Mindfulness Presentation at ALA MidWinter 2020 #ALAmw20 #health4libs

On Sunday I hosted a session on Mindfulness at ALA MidWinter for the ALA Allied Professional Association. This was an interactive session with the audience who shared their practices and recommendations. Many great resources were shared beyond what is included in my slides and the session was not recorded so hopefully, some will share their recommendations in the comments.

For what is worth here is a link to the PDF of my slides





3 thoughts on “Mindfulness Presentation at ALA MidWinter 2020 #ALAmw20 #health4libs

  1. Thank you for sharing! With the idea of vocational awe and the other pressures on those of us who have shrinking budgets and shrinking staffs, we have to manage the stress somehow.

    However, have you considered that some of this might be cultural appropriation of a religious activity practiced by another group? While Thich Nhat Hanh (and countless others, like Jon Kabat Zinn, etc.) has written books for the non-Buddhist, some argue that mindfulness is also a way to encourage complacency in toxic situations.

    What is your perspective on these issues?


    1. Hi LP,

      Good points! You mentioned vocational awe so you may have been at this presentation or the other one I did at MidWinter, but I can’t be sure so I’m going to respond as if you were not and maybe provide some context for other readers. Forgive me if you were there. To be honest, I was asked to do this presentation and it probably is not one I would have submitted on my own ( I did not write the title or description). My introduction to mindfulness was through a Mindfulness Based Stress Reduction course here at my university (Jon Kabat Zinn). I do not feel like an expert in this area and this session was heavy on audience participation, I spent most of my time carrying the mic around.

      I’m deeply uncomfortable with any commodification of “wellness” including mindfulness. During this session and the presentations and classes I teach on workplace wellness I emphasize that is it not necessary to spend money to practice mindfulness and/or wellness.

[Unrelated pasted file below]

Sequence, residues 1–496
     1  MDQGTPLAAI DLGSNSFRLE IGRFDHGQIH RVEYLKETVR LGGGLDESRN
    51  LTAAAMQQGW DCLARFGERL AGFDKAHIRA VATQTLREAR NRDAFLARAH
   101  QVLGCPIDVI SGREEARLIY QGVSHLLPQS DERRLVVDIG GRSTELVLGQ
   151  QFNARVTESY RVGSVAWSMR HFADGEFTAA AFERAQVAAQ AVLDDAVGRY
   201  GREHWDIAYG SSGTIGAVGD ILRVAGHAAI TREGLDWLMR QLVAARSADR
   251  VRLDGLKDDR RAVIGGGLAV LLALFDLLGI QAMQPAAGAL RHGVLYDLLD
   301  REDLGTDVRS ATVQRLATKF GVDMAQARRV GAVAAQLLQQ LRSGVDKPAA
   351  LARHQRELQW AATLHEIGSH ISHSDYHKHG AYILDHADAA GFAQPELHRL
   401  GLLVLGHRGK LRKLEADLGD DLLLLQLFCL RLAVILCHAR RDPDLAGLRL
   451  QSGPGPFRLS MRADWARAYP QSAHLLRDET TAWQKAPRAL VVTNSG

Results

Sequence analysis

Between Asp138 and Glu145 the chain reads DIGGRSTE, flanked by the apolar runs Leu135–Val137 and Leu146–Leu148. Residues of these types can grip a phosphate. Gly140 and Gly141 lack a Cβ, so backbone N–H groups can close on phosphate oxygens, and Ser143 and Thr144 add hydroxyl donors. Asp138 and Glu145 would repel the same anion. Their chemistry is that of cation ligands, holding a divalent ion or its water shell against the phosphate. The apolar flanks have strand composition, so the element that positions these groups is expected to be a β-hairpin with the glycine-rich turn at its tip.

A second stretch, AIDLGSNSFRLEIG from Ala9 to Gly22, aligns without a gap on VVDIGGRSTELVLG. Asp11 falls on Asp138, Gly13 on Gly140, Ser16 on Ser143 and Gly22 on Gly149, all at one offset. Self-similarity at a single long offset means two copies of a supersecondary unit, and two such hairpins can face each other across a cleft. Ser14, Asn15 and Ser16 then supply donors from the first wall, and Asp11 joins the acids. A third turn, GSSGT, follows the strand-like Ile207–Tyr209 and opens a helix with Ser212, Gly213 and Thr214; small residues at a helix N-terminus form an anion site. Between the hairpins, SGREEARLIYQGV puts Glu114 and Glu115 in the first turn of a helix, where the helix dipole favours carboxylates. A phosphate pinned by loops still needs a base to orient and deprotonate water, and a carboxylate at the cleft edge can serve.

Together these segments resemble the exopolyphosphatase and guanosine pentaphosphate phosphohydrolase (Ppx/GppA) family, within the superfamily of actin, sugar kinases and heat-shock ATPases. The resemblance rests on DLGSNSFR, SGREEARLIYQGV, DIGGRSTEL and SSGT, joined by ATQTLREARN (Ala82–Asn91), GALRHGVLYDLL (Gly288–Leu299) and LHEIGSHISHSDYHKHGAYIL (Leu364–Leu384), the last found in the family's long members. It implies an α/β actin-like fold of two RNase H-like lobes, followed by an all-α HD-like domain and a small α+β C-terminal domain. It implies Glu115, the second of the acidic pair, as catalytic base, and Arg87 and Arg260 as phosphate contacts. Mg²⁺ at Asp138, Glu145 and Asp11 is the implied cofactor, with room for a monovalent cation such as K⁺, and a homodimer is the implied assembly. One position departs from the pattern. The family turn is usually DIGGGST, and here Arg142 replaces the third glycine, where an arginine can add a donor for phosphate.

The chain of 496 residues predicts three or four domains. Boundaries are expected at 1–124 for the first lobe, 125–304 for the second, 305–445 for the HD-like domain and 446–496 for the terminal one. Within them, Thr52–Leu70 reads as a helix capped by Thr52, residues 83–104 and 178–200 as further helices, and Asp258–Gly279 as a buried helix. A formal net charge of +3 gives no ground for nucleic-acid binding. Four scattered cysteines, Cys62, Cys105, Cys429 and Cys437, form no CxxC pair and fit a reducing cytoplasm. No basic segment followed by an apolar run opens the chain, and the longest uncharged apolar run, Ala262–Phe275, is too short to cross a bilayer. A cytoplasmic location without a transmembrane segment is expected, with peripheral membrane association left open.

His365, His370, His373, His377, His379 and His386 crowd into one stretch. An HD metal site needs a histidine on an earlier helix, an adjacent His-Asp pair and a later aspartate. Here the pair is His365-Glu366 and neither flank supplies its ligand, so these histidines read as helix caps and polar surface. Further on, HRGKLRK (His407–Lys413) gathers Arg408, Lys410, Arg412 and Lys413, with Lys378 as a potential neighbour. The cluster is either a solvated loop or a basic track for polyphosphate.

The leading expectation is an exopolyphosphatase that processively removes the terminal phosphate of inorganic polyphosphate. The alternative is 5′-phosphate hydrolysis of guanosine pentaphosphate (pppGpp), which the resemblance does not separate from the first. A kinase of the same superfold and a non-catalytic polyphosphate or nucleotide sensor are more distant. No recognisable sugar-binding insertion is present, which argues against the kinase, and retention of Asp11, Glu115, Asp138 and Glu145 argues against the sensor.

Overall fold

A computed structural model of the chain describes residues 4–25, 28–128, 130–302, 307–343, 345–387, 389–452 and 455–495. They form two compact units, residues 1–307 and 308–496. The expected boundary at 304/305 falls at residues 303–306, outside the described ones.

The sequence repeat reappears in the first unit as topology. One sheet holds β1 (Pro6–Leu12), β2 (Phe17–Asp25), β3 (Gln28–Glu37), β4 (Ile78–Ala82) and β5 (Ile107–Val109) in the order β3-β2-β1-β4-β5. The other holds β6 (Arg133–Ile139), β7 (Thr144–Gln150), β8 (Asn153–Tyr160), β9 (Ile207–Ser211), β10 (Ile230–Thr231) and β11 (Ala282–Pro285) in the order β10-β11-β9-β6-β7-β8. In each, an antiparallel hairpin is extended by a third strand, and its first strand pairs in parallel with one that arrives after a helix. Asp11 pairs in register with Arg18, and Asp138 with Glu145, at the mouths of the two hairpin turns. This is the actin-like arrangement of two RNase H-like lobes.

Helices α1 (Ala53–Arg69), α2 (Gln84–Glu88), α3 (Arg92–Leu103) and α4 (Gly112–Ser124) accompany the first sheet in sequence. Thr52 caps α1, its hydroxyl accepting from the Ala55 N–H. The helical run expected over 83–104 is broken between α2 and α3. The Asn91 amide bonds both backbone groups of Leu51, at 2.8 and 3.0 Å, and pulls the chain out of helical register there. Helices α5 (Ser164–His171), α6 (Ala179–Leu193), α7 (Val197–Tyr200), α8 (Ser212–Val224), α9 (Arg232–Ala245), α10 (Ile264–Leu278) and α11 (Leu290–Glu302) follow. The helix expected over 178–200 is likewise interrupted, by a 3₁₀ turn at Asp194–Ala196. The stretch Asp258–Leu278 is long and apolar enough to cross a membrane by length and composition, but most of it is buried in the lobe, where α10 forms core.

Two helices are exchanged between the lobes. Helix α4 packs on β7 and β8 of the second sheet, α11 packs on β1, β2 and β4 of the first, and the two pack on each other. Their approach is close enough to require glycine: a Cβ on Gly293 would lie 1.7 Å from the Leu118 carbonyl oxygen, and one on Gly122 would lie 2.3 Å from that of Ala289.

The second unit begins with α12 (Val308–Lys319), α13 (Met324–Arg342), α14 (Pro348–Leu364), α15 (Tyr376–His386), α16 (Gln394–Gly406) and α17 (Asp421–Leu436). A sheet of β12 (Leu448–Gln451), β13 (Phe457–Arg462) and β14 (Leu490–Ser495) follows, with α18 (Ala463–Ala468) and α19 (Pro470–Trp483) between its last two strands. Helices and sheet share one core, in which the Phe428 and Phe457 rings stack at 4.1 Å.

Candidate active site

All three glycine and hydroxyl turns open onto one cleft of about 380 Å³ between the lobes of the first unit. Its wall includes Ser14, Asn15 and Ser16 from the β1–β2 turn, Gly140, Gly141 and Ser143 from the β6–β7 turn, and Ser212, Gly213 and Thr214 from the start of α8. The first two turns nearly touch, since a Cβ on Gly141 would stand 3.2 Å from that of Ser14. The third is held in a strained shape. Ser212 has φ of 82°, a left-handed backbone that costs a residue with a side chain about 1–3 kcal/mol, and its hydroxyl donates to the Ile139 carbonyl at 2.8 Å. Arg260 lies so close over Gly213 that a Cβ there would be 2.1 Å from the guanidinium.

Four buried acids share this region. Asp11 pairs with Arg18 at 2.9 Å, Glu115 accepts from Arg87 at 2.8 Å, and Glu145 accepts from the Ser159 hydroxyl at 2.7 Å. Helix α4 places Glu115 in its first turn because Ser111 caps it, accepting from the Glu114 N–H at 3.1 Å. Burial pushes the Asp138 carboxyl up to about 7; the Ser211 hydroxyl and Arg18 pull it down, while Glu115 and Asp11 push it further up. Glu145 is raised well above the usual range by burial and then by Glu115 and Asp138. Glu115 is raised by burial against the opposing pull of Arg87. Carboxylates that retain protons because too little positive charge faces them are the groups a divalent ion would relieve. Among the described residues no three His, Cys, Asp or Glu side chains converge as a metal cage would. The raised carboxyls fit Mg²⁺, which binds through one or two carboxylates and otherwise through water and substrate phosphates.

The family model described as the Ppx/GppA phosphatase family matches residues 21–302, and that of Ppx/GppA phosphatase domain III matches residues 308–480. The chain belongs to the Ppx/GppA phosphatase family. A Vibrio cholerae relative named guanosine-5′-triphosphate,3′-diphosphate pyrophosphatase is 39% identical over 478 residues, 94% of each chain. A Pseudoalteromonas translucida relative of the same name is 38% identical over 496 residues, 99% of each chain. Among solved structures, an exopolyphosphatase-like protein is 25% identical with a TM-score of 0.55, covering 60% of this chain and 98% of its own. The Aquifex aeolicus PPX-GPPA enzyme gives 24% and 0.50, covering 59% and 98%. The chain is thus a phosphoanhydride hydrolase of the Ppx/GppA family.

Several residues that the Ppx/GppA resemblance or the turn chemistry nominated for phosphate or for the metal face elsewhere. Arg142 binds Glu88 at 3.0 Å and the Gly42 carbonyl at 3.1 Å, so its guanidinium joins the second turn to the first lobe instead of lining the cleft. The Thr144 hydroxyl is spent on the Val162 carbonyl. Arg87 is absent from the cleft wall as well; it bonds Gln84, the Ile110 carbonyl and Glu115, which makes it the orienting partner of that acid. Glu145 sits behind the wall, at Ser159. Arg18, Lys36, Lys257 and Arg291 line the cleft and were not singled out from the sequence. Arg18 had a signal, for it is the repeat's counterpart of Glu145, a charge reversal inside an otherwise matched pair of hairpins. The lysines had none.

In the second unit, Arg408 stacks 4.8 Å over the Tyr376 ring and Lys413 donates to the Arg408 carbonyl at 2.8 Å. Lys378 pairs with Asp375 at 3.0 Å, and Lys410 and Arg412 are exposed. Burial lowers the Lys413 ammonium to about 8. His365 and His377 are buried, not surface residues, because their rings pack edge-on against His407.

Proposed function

I agree that far too often resilience, mindfulness, and other ideas and practices that place the burden on the individual to “suck it up” when in a bad situation are deeply troubling. When I was designing the Wellness in the Workplace class I wanted to be sure to structure it in such a way that it is clear that the first and best way to address issues is by changing the physical environment and cultural and that is the responsibility of management and administration. There are real benefits to creating a healthy work environment. The second part is what individuals can do, because we have all be in situations we cannot leave immediately. But we should all be advocating for better working conditions in libraries. Personally I have found mindfulness use for my mental and physical health, but I would never suggest it as a substitute for better policies and conditions.


      1. Thank you for your thoughtful response! I wasn’t there, and the context is useful to both me and other readers. I hope you are not offended by my questions as mindfulness and meditation have been part of my practice for 30 years.

        What do you think of the cultural appropriation aspect? You may also want to look at the work of Ronald Purser and Barry Magid regarding disconnecting it from its Buddhist context. (Along similar lines, would it be different to adopt Sufi whirling as part of our professional practice?)


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